I must disagree with Larry Moran, who accuses the field of evo-devo of animal chauvinism — not that it isn’t more or less true that we do tend to focus on metazoans, but I disagree with an implication that this is a bad thing or that it is a barrier to respectability. Larry says we need to cover the other four kingdoms of life in greater breadth, which I agree is a fine idea. I would like to have a complete description of the genome of every species on earth, a thorough catalog of every epistatic interaction between those genes during development, a hundred labs working on each species, and a massive collection of papers for each one documenting every step and every protein and every variation in their development. I would like it tomorrow.

I think we all agree that that would be impractical. The question is how we will focus our research to maximize our use of limited resources, and get us useful answers that will lead us in productive directions. Larry is advocating maximizing our phyletic breadth by following organisms representative of the greatest amount of diversity. He is proposing this in opposition to the proposal from Jenner and Wills, who suggest a different strategy — and I find myself agreeing more with Jenner and Wills than with Moran.

Their suggestion is that instead of picking our model organisms by where they are on the phylogenetic tree, we ought to select them by their suitability for answering specific questions in evo-devo. If we want to “discover law-like generalities (nomothetics)” we need to emphasize the pursuit of conceptual themes rather than haring off to collect another organism in the stamp book. That sounds like a good path to intellectual respectability to me.

Along those lines, Jenner and Wills recommend several species that deserve expanded study; they all happen to be animals, but they all also happen to present illustrations of interesting concepts in evo-devo. They even offer a handy list of these central evo-devo concepts that we should be pursuing.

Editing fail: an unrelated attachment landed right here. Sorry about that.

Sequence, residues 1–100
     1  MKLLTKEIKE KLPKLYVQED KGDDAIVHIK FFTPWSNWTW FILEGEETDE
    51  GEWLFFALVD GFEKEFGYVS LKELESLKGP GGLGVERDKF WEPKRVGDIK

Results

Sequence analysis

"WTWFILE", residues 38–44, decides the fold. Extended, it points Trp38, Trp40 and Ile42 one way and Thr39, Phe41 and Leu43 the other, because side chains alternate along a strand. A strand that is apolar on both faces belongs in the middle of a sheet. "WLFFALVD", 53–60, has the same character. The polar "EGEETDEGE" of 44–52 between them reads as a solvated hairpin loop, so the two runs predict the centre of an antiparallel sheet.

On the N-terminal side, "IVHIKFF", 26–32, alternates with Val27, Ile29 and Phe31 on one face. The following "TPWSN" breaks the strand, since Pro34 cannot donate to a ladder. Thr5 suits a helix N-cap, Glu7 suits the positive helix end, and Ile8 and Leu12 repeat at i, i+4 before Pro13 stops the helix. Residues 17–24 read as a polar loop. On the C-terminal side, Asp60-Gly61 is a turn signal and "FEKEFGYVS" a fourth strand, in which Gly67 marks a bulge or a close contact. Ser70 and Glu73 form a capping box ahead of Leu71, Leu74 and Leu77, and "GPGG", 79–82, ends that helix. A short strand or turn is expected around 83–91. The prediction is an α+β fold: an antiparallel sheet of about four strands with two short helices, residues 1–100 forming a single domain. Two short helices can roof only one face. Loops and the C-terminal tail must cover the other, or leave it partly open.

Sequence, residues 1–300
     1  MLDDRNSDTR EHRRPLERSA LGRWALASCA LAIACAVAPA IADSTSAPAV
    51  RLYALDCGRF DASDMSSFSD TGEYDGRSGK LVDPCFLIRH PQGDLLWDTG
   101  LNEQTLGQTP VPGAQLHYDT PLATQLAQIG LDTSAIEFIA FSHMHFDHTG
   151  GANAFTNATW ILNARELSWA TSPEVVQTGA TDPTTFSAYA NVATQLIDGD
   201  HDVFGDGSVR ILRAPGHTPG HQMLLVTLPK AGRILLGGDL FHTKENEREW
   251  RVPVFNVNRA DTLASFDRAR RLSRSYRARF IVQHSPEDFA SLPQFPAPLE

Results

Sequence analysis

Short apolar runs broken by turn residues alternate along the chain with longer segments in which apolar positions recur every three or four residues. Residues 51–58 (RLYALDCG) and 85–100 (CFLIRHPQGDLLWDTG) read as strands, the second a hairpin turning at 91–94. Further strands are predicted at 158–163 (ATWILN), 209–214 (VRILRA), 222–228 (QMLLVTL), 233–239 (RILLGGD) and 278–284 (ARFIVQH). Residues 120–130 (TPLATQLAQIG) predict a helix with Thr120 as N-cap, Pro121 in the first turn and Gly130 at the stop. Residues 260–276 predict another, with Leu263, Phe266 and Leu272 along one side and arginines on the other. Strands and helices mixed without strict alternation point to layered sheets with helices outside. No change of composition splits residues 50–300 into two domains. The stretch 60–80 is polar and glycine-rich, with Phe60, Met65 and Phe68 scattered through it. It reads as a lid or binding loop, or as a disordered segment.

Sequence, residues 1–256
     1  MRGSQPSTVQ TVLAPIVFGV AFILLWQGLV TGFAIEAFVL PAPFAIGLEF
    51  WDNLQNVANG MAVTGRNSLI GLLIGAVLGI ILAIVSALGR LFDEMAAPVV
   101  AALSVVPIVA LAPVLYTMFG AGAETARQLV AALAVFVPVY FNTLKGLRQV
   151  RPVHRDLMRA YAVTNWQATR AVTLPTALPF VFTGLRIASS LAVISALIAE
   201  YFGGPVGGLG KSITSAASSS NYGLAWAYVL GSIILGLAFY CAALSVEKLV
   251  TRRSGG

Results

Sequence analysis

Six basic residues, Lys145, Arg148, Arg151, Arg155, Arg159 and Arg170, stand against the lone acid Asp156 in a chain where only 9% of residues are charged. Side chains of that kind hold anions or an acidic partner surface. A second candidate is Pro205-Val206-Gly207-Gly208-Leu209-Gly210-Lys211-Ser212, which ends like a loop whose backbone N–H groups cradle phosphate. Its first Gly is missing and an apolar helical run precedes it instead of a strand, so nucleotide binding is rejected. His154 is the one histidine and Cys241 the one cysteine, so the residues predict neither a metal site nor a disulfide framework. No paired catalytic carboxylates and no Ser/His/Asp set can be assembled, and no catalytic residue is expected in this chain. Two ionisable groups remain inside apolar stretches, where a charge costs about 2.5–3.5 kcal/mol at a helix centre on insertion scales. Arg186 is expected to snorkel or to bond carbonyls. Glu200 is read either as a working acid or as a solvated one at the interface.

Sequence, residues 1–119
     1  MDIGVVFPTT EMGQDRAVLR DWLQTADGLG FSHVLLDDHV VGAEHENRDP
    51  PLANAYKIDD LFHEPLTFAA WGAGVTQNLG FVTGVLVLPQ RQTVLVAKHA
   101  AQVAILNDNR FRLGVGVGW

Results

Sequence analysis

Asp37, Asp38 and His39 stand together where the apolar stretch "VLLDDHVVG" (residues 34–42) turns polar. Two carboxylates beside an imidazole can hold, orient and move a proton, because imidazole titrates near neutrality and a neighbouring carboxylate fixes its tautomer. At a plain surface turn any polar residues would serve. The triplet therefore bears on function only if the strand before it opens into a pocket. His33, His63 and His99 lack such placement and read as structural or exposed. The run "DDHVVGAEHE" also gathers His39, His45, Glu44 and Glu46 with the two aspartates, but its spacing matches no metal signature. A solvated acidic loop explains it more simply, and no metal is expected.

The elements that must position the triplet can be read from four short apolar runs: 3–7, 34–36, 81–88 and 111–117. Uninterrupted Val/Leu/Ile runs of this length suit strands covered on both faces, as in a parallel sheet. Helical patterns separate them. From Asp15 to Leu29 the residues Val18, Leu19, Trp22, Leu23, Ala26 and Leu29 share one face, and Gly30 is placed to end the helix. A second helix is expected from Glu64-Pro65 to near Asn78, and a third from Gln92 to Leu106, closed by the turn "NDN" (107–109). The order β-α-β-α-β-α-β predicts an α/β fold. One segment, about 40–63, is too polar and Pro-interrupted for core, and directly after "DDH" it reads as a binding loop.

• Developmental programming. Allometry of horns in the beetle Onthophagus nigriventris.

  • Developmental bias. Variation in body size in C. elegans.

  • Developmental constraint. Shell morphology in the gastropod Cerion.

  • Redundancy. Anterior-posterior axis development in Drosophila melanogaster.

  • Modularity. Sense organs in the cavefish Astyanax mexicanus.

  • Evolvability. In silico cell-lineage evolution.

  • Origin of evolutionary novelties. The sea anemone Nematostella vectensis (bilateral symmetry, triploblasty).

  • Relationship between micro- and macroevolution. The three-spined stickleback and Heliconius butterfly wing patterns.

  • Canalization and cryptic genetic variation. D. melanogaster phenotypic variation increase during HSP90 impairment.

  • Developmental and phenotypic plasticity, polyphenism. Ant caste polyphenism and caste determination by primordial germ cells in the parastic wasp Copidosoma floridanum.